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HillWalkerDundee

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  1. The point is that neither the supplier, DHL, RM nor HMRC are above the law. All VAT registered businesses are well aware of the law so the chances of an error being made is minimal. Your supply date will be mid to late December and would never have attracted additional charges. Anyone with a date of supply post BREXIT transition period will incur charges.
  2. Shropshire Again, it is down to the date of supply irrespective of when it was ordered or received. Look at your invoice, it will have a date of supply and this will be 31/12/2020 or before.
  3. ChrisSilver "So I am therefore unsure if that margin scheme is still applicable after Brexit" The margin scheme is alive and kicking. It is used extensively in the second user market e.g. used cars, antiques etc.
  4. Martlet "Only the end consumer pays the VAT. " Not quite. It is the customer not the consumer (they are different things) that pay VAT. There is a customer at every stage of the journey to the last buyer in the chain. VAT = Value Added Tax. At each stage, value is added to the item, may be design, may be manufacture, may be distribution, may be retail. All of these processes are taxed and reclaimed until the last leg. When you add up all the sales VAT and subtract all the purchase VAT, only the last customer pays the full VAT. Even the last payer of VAT may then be
  5. Judging from the above, together with various links describing similar sort of issues, this is the start of the chickens coming home to roost. People voted to leave the EU, they (presumably) knew what this meant, so there shouldn't be any complaints. There will be many more issues like this for many years to come.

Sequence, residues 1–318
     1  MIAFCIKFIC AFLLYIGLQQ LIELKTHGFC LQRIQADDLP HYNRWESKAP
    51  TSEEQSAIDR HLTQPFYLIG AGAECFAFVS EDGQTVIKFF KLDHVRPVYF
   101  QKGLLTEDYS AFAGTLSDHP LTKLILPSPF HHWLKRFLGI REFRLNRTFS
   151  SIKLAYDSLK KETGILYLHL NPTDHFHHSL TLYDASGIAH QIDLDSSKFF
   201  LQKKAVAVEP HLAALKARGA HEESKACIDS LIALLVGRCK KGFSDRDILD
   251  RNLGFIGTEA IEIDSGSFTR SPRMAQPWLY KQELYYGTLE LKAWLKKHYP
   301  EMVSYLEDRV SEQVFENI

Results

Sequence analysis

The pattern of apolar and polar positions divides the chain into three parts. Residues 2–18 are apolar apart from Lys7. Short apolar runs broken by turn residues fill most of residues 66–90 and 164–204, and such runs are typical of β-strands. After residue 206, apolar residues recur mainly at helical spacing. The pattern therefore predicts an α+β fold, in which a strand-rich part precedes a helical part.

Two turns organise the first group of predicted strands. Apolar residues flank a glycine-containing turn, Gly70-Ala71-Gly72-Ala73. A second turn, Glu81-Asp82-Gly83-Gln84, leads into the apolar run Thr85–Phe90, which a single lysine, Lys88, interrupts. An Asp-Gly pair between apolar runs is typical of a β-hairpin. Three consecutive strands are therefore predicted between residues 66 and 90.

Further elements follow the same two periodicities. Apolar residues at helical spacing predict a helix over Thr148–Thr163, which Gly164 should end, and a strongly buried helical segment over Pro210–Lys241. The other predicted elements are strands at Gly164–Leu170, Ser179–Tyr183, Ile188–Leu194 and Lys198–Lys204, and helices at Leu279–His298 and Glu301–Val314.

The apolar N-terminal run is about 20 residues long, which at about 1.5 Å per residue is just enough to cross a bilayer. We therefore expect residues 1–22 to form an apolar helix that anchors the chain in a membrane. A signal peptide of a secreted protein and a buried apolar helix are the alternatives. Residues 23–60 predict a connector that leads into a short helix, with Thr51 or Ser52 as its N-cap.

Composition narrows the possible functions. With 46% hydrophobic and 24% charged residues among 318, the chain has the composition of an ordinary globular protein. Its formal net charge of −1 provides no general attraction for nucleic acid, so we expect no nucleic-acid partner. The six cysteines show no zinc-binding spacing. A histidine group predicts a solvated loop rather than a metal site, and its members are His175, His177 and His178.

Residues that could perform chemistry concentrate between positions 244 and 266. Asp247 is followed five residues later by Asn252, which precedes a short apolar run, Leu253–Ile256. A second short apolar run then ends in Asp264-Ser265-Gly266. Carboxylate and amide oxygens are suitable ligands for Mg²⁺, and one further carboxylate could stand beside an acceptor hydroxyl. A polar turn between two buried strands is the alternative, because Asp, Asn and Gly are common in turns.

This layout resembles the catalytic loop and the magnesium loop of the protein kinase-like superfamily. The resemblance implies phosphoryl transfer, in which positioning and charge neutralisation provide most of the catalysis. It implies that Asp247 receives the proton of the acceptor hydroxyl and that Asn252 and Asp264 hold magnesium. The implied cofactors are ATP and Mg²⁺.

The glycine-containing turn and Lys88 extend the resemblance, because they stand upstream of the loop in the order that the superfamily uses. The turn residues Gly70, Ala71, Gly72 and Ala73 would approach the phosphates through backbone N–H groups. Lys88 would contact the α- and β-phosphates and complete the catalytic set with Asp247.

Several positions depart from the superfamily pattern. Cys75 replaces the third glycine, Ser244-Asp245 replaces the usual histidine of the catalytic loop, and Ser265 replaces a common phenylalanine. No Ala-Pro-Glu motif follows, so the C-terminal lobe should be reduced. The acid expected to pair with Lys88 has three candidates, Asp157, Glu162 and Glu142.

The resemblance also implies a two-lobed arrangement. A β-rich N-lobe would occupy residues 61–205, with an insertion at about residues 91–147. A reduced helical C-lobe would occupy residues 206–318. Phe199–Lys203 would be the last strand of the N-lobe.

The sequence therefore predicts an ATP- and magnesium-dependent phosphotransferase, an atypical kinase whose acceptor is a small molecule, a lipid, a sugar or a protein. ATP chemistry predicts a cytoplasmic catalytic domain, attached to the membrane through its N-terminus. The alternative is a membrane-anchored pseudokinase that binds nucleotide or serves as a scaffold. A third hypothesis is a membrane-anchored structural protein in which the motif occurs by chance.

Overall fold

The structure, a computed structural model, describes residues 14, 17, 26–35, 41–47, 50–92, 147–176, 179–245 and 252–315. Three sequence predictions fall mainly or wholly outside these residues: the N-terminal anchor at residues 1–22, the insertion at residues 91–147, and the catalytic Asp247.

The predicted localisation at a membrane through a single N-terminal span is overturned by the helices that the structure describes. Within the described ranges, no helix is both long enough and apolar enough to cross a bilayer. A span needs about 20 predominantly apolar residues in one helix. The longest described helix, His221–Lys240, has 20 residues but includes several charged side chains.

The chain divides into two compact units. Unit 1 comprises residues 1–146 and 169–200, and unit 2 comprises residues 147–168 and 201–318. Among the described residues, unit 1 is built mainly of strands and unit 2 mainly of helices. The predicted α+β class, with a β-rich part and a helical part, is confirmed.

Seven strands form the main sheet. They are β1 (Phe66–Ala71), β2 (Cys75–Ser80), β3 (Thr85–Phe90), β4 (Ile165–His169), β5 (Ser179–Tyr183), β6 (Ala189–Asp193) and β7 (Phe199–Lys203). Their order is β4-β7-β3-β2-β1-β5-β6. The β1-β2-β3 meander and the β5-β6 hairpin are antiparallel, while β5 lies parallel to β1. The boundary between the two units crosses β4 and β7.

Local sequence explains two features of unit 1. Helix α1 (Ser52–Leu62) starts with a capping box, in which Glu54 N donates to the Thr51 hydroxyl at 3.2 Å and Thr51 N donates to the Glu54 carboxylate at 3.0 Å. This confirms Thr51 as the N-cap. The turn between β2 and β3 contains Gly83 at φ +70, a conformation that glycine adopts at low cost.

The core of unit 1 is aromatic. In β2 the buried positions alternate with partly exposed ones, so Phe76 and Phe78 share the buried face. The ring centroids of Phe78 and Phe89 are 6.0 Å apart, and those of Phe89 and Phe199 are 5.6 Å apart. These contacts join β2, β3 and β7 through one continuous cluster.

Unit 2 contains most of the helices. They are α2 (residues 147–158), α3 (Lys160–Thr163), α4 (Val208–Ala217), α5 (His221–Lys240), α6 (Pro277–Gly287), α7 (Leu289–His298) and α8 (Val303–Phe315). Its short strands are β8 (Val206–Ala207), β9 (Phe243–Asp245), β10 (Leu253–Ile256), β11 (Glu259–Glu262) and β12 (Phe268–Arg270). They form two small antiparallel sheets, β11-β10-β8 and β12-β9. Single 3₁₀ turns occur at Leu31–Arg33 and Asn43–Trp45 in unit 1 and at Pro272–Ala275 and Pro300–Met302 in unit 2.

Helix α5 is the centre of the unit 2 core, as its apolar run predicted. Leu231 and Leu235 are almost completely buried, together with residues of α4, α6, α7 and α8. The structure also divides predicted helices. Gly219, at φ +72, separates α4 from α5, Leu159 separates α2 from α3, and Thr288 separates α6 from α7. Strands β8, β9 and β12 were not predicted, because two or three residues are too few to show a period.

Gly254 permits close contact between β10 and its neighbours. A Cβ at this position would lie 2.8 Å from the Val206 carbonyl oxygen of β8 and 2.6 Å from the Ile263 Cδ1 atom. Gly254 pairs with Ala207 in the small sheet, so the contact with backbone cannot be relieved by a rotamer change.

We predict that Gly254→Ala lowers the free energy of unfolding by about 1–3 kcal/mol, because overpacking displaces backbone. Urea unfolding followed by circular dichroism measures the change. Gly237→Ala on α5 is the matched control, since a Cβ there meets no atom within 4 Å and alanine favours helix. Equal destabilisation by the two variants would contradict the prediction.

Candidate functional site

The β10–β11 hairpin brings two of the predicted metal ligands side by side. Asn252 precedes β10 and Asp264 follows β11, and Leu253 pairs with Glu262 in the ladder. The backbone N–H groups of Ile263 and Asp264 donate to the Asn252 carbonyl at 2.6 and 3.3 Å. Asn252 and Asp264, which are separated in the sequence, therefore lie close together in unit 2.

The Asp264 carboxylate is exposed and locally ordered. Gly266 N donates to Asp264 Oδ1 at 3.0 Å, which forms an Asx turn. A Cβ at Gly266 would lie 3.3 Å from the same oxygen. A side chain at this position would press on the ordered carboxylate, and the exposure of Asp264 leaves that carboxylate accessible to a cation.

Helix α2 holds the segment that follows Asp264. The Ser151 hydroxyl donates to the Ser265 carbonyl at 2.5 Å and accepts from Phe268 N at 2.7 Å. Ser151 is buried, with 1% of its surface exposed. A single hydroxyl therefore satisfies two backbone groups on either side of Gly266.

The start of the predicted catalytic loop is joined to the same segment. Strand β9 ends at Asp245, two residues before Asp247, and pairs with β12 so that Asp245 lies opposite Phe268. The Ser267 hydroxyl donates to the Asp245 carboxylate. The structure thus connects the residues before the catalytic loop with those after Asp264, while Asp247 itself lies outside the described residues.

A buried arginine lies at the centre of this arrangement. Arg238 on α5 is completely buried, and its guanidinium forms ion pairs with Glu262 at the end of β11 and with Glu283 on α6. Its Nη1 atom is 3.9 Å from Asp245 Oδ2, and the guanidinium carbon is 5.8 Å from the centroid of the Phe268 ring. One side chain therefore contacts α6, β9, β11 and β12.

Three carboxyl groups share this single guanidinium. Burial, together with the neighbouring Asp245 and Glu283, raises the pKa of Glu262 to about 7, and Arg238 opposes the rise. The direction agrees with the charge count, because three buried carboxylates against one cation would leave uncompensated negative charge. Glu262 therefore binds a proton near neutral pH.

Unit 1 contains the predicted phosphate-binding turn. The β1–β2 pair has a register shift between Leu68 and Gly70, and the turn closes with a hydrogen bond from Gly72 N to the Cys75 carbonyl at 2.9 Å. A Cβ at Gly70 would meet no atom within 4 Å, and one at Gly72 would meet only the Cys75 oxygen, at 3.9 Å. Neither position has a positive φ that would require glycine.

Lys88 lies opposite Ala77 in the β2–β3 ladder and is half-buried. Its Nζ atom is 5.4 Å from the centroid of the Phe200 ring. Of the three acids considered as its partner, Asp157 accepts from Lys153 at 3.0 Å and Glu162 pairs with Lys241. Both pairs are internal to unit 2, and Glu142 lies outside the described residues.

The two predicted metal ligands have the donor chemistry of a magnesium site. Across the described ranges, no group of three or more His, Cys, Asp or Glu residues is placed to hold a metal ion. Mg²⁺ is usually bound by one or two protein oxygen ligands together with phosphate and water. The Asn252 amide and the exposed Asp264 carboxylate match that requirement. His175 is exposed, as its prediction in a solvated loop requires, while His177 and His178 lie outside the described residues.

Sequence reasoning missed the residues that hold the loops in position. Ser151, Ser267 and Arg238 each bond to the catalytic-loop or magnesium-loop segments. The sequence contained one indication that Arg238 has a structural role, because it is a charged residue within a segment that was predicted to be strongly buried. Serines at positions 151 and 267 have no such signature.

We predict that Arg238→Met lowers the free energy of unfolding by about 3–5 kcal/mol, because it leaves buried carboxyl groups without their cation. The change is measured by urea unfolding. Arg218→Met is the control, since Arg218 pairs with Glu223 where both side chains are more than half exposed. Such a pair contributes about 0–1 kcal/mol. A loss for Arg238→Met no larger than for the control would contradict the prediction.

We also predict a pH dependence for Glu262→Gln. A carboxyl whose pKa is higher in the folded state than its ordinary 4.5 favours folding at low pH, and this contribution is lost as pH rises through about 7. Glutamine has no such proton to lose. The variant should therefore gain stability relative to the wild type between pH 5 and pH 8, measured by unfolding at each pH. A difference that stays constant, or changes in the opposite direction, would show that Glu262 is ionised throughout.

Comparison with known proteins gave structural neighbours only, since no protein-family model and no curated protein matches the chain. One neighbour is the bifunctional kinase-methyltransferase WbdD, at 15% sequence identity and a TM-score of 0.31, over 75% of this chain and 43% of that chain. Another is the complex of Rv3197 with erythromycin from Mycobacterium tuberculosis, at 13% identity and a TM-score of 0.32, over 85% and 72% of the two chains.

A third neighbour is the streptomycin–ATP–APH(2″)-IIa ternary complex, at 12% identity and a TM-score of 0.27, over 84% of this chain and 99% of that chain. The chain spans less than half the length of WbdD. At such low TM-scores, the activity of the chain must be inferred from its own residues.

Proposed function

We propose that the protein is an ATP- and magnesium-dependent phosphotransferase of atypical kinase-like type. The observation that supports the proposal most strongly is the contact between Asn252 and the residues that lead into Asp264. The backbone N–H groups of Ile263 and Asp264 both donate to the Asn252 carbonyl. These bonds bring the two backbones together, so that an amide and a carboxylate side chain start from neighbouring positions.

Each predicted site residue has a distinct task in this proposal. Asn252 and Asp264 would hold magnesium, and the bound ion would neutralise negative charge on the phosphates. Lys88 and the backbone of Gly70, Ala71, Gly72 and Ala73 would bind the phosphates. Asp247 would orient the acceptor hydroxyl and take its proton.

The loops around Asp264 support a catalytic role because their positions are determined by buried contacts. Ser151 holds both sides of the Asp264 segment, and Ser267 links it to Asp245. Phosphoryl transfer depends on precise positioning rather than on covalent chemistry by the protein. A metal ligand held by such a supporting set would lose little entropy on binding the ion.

6. "This is however not entirely accurate. Date of supply for VAT purposes does not equal invoice date." Is that not what I said? That is why I said "(see later). It doesn't matter when you ordered the goods or when the goods were received, it is the date of supply" and then explained timing differences in my last sentence. You are absolutely right, the date of supply is what counts.
  7. PS. What price, year and condition?
  8. Re: Sweden, With VAT in any EU country (and UK) the most important bit is the date of supply i.e when the goods were invoiced (see later). It doesn't matter when you ordered the goods or when the goods were received, it is the date of supply. As for Canada, up until 31st December, the goods would come under the deal struck with the EU. From 1st January, different rules apply, what rules I don't know. Re: invoice dates. This date may differ from the date of supply. Often it is the same but can be a day or two out.
  9. Bimetallic I always find it useful to know something about the subject before posting a view. I don't know enough enough about ex President Trump's gay tendencies to comment. I probably know as much about that as you do about the NHS.
  10. It is not unheard off for certain business owners to take out a Business Bounce Back Loan and put the money into premium bonds, keep the winnings and repay the zero interest loan at the end of the term.
  11. You mean that there is a chance any of us will ever forget it? 🙂 If I had a choice between a medal and a lobotomy, I wouldn't choose the medal.
  12. I suppose it does depend on what you bought them for and if your circumstances have changed. If the purchase is for investment, then yes, now is a good time as any to sell. If the purchase was to protect your wealth in readiness for the great reset then the time isn't right. Back to you.
  13. Sorry, but ordering the goods before the end of Brexit holds no water whatsoever in tax law. VAT is applied at the date of supply and not the date of order. Sorry, but that is basic VAT law and has been ever since inception.
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